When I came home today I went looking for pictures of the donut shop and didn’t find any. But I did come across an old photograph from the New York City Municipal Archives, taken in February 1926, of a little restaurant called the Coffee Pot that once stood on the northwest corner. I looked at the picture for a long time, trying to understand why I wasn’t seeing the entrance to the downtown subway, before I realized that the 8th Avenue subway line did not yet exist. The sidewalk was so wide then. The Coffee Pot of 1926 looked different from the donut shop of 1996, but not so very different, really. I would bet that as luncheonettes go, the two of them probably had a lot in common.

21 November 2012


  1. Cool post.

    The donut place was on the south side of the block, no? If so, where's the Chelsea hiding in this photo?

    1. Adam, you are so right! I put on my glasses and really looked and I thought, hey, that looks more like the London Terrace down the block behind the coffee pot! Good catch. Normally I just bang out these Walkers pieces and I don't go back and edit, but thanks to your eagle eye, I've fixed that. The Coffee Pot was on the corner diagonal to the donut shop, is what it comes down to. Thank you!

    2. I love counters like that too. I used to love the big curved counters in the Chock full of Nuts luncheonette on the Upper West Side. Peter Pan in Greenpoint is still good for donuts, counter staff in white, and clusters of elderly customers.
      I'm glad you took notes !

    3. I love the Peter Pan Bakery. I made a Walkers piece about it once, after I overheard an old lady at that counter telling another lady and a man about how she had been accused of stealing a $3 pair of shoes in a thrift shop up the block and how outraged she was.

  2. Baffling photo—I don't think it's 23rd and Eighth—the buildings on the SE corner are all four stories high. This doesn't look like Ninth (home of Chelsea Square) either. The tall building looks like something from Chelsea Corners.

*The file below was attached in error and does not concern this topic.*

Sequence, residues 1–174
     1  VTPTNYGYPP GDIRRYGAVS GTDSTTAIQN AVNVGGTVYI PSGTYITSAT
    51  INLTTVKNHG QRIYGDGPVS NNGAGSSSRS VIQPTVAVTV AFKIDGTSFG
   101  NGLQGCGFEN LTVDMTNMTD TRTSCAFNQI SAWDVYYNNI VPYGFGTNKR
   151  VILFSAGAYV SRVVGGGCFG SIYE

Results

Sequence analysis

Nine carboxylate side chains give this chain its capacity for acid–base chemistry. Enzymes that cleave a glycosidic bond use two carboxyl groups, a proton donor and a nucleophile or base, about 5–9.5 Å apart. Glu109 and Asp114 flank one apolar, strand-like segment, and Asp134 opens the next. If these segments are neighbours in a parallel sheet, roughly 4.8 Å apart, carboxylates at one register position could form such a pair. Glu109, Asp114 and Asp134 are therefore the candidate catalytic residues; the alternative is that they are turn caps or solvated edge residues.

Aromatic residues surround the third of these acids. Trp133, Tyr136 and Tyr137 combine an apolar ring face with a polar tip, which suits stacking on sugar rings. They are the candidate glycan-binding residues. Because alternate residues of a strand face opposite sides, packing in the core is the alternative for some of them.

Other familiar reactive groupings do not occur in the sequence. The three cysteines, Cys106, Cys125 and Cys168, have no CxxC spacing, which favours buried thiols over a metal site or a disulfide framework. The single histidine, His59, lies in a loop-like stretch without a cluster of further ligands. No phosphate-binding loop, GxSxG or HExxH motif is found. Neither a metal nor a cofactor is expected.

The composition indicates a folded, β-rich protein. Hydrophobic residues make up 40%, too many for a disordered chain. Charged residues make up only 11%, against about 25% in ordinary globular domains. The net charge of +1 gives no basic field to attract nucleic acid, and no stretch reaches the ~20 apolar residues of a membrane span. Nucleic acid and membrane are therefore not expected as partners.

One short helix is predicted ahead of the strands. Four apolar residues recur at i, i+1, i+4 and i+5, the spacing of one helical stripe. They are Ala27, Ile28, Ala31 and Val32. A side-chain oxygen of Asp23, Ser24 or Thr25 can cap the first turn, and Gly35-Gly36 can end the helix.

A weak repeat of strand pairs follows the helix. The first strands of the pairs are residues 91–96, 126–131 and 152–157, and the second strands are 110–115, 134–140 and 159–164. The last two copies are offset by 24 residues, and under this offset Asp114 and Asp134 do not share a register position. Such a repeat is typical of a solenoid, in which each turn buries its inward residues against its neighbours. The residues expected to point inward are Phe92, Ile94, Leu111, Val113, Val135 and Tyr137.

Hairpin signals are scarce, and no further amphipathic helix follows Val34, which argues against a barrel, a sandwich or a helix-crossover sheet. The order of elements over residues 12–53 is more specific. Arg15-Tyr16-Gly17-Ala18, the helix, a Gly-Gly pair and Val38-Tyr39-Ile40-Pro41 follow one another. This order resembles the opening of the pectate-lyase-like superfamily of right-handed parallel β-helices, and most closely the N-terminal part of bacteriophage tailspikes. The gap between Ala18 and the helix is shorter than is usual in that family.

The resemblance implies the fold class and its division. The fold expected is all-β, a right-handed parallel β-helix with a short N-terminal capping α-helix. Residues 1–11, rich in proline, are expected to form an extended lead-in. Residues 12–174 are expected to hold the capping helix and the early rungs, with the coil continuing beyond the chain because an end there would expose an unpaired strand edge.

3. Baffling indeed--keep us posted if you find anything.

  4. Great post! Makes me miss my old place over on 9th Ave and the hangouts I had over there that are now mostly gone.

    And now you have me puzzling over the photo, too. Based on the shadows, I'm thinking it must be the south side of the street.

  5. Ahh, Ms. G! You could be so right! Well, what we do know is that if the Municipal Archives isn't mistaken about its being on the corner of 23rd and 8th, it has to be one of four corners, right? What a mystery.

  6. This is so nice, Romy AND Goggla here in the same place!

    I lived in Chelsea on 21st near 9th in the mid-80s for a couple years. Every weekday, I walked to that uptown subway station on 23rd and 8th to grab the E to work. So much has changed around there. Do you remember the bar/restaurant that used to be next to the Joyce? I used to think that place was so cool...which I'm sure it wasn't, but at the time...

    If anyone can think of the name, I'd appreciate it. Driving me bonkers. Was it Man Ray? Or the name of some other artist?

    And God bless Chelsea Square, the diner that never dies (knock on wood).

  7. This really is a head scratcher, Romy! If the Coffee Pot was on the NW corner, it would have been a tenant of the Grand Opera House bldg., seen here in a 1937 Berenice Abbott photo:

    Doesn't seem right. I also think Goggla's right about the shadows. Maybe the Archives blew it.
    Anyway, I'm starting feel more nearsighted than 'eagle-eyed.'

  8. I remember the Elgin. When I was a freshman in college in '74, I went to a Mel Brooks festival there. Those were the days.

  9. John, I think I know the place you're talking about, but don't remember the name either. Man Ray sounds sort of right, or something with Man ... Now I want to know the name too!
    Romy, now I remember your story with the shoes!
    My mind is fading fast!

  10. There was The Coffee Pot 350 W. 49th Ninth Ave. Now closed